An Indonesian entrepreneur is stitching magnets into the headscarves worn by some Muslim women, aiming to cure ailments ranging from headaches to fatigue.
Herawati Widodo churns out "healthy" hijabs, or headscarves, from her factory in Central Java, exporting them to Malaysia, Singapore and the Middle East.
Widodo came up with the idea after reading research that said magnetic devices could reduce body aches and boost blood flow.
Although there is no direct medical evidence, the scarves are selling very well, especially during the fasting month of Ramadan when many Muslims become more observant of Islamic rites.
"We created this magnetic hijab for Ramadan last year. We wanted to create a head cover that is not only a nice accessory but also a healthy option," Widodo told Reuters.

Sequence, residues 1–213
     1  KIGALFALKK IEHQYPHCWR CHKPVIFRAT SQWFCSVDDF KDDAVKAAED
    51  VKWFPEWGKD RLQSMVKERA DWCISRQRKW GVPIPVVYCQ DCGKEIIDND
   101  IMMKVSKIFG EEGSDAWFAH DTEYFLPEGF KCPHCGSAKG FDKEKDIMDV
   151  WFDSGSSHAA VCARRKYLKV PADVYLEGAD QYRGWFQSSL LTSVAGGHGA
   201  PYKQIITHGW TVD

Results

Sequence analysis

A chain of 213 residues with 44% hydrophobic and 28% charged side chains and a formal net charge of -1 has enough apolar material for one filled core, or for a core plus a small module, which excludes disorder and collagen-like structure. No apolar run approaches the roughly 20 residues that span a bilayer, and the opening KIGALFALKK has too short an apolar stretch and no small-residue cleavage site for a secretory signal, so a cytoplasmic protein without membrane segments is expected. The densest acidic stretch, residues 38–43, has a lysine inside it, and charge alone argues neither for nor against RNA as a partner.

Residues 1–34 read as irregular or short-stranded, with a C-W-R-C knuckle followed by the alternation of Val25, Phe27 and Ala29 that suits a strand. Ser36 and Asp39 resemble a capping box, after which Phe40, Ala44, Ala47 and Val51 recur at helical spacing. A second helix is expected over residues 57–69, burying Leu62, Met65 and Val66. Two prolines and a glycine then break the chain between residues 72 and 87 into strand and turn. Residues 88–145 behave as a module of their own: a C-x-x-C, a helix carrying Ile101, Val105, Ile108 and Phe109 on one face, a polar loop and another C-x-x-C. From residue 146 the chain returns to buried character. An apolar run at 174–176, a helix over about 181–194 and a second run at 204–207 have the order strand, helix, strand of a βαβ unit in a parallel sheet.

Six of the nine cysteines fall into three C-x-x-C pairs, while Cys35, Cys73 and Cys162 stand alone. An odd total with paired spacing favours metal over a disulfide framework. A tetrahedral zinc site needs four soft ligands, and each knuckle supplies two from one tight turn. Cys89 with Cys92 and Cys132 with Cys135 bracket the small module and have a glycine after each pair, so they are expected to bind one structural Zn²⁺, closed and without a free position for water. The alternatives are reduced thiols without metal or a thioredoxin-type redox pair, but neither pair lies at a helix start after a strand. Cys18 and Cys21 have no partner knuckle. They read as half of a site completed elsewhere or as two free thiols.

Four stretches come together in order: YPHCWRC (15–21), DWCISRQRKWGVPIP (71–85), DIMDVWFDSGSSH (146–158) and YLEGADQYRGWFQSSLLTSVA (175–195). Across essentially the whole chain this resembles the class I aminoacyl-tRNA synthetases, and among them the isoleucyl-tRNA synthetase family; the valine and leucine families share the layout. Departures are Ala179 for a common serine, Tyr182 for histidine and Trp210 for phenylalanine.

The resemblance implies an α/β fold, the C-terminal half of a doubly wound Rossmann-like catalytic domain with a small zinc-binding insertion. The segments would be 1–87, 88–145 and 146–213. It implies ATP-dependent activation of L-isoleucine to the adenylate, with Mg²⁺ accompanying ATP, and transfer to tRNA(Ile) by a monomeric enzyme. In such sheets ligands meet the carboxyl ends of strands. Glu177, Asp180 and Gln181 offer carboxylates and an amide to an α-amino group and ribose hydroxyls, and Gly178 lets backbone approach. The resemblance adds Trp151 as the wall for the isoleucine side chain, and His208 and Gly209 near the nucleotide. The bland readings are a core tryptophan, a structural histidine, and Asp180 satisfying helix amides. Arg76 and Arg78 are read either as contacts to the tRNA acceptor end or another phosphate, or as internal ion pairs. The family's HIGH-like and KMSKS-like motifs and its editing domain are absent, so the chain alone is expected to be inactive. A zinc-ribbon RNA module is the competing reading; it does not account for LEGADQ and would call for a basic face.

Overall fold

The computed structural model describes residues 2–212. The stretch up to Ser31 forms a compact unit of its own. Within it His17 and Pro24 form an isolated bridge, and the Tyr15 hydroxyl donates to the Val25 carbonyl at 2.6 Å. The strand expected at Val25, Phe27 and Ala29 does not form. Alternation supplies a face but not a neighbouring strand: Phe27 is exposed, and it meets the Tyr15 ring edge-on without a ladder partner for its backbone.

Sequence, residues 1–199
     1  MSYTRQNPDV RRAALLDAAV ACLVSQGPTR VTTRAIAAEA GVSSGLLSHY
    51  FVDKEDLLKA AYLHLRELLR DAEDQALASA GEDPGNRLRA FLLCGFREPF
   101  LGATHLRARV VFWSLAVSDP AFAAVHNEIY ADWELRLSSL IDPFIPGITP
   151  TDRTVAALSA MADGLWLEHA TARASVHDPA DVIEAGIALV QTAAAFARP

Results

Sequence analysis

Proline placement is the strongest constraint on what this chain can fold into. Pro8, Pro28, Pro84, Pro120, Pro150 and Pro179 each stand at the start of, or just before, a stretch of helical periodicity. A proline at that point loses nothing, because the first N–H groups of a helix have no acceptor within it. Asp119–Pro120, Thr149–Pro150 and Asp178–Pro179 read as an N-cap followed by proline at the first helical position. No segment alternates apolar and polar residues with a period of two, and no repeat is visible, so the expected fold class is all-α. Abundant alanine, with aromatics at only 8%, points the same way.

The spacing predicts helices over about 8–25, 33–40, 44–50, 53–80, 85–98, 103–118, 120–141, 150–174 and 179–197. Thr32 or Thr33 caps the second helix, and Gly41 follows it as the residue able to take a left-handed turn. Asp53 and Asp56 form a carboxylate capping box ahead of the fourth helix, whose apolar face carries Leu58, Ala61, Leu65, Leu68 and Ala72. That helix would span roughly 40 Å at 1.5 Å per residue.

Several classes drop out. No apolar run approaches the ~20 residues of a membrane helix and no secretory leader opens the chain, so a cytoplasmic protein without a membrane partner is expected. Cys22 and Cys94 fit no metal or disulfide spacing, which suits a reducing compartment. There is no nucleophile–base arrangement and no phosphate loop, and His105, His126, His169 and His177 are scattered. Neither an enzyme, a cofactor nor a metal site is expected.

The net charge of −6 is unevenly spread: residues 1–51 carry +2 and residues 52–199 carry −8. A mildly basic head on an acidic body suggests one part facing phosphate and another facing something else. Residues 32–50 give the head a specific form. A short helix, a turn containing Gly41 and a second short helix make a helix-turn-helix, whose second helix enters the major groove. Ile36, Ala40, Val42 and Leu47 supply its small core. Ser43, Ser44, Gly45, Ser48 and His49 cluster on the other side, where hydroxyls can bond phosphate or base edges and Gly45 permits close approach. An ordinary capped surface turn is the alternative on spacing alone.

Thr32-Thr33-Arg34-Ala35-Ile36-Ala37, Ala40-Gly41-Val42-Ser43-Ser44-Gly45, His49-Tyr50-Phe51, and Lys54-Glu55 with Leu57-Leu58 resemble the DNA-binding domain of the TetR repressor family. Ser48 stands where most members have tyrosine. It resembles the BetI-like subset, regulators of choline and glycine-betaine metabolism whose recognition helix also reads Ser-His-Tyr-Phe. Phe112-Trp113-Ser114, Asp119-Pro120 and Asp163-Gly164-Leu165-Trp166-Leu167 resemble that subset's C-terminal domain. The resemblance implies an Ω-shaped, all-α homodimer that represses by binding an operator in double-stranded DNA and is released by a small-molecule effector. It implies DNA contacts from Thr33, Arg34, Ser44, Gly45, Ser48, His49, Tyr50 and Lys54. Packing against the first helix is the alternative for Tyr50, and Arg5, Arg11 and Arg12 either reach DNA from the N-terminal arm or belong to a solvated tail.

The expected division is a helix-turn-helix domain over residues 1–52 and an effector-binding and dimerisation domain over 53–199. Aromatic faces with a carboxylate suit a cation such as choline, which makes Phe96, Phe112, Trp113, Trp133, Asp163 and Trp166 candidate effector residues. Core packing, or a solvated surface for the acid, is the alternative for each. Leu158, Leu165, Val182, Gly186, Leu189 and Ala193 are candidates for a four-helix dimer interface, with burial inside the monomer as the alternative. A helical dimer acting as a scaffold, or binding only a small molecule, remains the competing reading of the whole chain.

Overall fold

"We have 21 models of head covers and produce more than 2,000 pieces a month," she said. On average, more than 3,000 pieces are sold in Ramadan, with some models already out of stock.
The scarves are priced at between 60,000 to 150,000 rupiah ($6 to $15), and some customers have found them beneficial.
"I suffer from migraine headaches and it has stopped since I wore this," said Ari Istiani, buying her fourth magnetic scarf.
A traditional hijab, which is Arabic for headscarf, is a single piece of cloth looped around the head, neck and chest, which is then tucked or pinned with the aim of preserving a woman's modesty.
The head covering has become more popular, and fashionable, among young women in Indonesia, the world's most populous Muslim nation.